Counsel for certain Class 8 Creditors also contend that the valuation opinions are inadmissible because the experts failed to consider market prices and price earnings ratios in rendering their opinions on reorganization value. The Court disagrees. First, it should be noted that market factors were considered. As the Securities and Exchange Commission points out in its brief, reorganization value is a forecast of future earnings converted to present value by a capitalization or discount rate. This capitalization or discount rate reflects the expected annual rate of return on an investment and the choice of this rate is a question of judgment which must reasonably relate to the rates of return generally expected by investors from comparable investment opportunities.
The relationship between the capitalization rate and market factors is demonstrated by the First Boston valuation. First Boston determined the capitalization rate for its evaluation by reference to rates at which securities markets have capitalized earnings of stock life insurance companies. Initially, First Boston concluded that the average rate for the years 1967 to 1972 was about 15.5 times earnings. It then examined the long term price earnings multiple levels in the general stock market over a period of years. This analysis indicated that the general market capitalization rate has moved from a previous level of about 17 times earnings to approximately 13 times. Since First Boston's studies indicated that life insurance stocks maintained a rate approximately two multiples lower than the general market, Mr. Amos of First Boston concluded that a representative capitalization rate for life insurance stocks would be about 11 times earnings. Finally, taking a conservative tack, First Boston assigned a capitalization rate of about 10 times earnings to Bankers and Northern in view of their prior growth rates and the inherent uncertainties in the present market place.
Moreover, existing market prices, conditions, and comparable sales need not be significant factors in determining reorganization value. In reorganization proceedings, it is assumed that the commercial value of property arises from the expectation of income from it. Consolidated Rock Products Co. v. Du Bois, supra, 312 U.S. at 526, 61 S. Ct. 675. Thus, the basic question is "how much the enterprise in all probability can earn," Group of Institutional Investors v. Chicago, Milwaukee, St. Paul & Pacific R. Co., 318 U.S. 523, 540, 63 S. Ct. 727, 738, 87 L. Ed. 959 *773 (1943), and the proper method of valuation is "to value the whole enterprise by a capitalization of prospective earnings." Consolidated Rock Products Co. v. Du Bois, supra, 312 U.S. at 525, 61 S. Ct. at 685. In effect, this approach frees reorganizations from prices which are pegged by forced sales or by the temporary conditions of the market place. Instead, reorganization value is intended to approach the value that would prevail in a perfect market adequately stocked with willing and informed buyers and sellers. Therefore, the Court concludes that the experts considered market factors and that the weight they gave these factors adequately accords with the concept of reorganization value.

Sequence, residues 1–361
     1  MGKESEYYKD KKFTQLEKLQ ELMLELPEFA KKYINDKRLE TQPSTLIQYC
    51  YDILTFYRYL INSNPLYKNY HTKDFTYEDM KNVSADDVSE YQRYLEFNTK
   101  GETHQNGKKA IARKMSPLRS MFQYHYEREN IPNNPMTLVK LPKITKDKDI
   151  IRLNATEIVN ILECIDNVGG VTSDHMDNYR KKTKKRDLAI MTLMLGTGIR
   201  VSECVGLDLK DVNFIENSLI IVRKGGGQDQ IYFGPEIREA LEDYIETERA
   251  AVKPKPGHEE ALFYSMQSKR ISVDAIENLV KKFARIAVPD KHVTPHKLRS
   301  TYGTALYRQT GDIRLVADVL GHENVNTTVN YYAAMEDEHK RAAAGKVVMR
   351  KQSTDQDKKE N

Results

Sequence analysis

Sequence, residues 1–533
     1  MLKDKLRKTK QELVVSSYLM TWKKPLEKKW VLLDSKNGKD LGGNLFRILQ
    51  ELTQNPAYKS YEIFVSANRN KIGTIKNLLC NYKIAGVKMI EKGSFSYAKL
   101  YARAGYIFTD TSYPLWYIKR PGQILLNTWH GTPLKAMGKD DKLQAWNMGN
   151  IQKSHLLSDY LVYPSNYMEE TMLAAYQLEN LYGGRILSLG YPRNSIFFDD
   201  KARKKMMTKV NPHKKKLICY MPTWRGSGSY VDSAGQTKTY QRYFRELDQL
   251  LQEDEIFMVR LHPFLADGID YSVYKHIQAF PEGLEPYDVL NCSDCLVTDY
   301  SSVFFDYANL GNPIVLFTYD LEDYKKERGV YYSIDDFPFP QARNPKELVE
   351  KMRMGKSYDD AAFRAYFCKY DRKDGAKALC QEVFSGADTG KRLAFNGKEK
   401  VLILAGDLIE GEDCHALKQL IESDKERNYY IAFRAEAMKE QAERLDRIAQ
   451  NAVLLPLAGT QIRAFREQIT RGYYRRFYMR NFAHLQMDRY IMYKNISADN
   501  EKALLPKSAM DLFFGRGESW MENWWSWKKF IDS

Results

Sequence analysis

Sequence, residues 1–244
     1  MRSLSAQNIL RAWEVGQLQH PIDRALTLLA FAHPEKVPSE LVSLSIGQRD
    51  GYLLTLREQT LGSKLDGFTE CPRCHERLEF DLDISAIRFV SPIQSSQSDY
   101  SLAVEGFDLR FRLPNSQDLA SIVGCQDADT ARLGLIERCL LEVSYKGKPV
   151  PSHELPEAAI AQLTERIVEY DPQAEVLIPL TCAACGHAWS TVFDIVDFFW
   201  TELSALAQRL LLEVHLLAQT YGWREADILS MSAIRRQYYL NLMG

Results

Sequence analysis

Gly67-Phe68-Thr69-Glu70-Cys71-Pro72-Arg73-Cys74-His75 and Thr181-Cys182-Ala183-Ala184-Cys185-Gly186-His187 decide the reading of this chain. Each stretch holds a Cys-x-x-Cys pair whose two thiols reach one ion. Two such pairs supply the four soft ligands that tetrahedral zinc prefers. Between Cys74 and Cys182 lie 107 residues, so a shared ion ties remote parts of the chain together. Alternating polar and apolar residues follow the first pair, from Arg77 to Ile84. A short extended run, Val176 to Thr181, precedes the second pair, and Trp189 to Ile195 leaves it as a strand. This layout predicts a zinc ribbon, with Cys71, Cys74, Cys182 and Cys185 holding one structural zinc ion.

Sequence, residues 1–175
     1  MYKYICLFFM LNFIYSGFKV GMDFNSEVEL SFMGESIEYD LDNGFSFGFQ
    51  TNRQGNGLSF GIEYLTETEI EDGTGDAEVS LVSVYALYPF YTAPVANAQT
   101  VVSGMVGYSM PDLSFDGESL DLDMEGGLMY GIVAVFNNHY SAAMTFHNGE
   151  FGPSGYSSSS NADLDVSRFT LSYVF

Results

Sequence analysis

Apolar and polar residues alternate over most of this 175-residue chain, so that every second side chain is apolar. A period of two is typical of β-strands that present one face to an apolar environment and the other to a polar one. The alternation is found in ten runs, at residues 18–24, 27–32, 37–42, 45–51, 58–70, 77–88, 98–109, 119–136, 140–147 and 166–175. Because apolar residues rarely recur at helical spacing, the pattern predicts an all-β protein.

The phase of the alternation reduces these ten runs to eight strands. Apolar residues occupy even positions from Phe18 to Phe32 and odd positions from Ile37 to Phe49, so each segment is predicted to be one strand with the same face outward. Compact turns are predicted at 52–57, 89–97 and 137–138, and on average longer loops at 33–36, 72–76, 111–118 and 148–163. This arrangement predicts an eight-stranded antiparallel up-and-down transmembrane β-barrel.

Counsel further contend that the experts should have considered the potential effects of pending litigation. Since the plan of reorganization presupposes settlement of pending litigation, it would have been improper for these experts to evaluate Bankers and Northern in light of this litigation.
II. Section 197 Value
Counsel for certain Class 8 Creditors contend that the value of the Class 4 Creditors' collateral under Section 197 of the Bankruptcy Act, 11 U.S.C. § 597 (West 1970), depends upon the amount they could have realized upon sale of the security by a willing seller to a willing buyer, and not upon reorganization value predicated on a capitalization of prospective earnings. Counsel characterize this § 197 value as "realizable value." See In re New York, New Haven and Hartford Railroad Co., 147 F.2d 40 (2d Cir. 1945). Consequently, they argue that the expert opinions are inadmissible for purposes of determining the extent to which a secured creditor is in fact secured under § 197. In considering this argument, it is important to note that the security involved here comprises all of the outstanding stock of Bankers and Northern.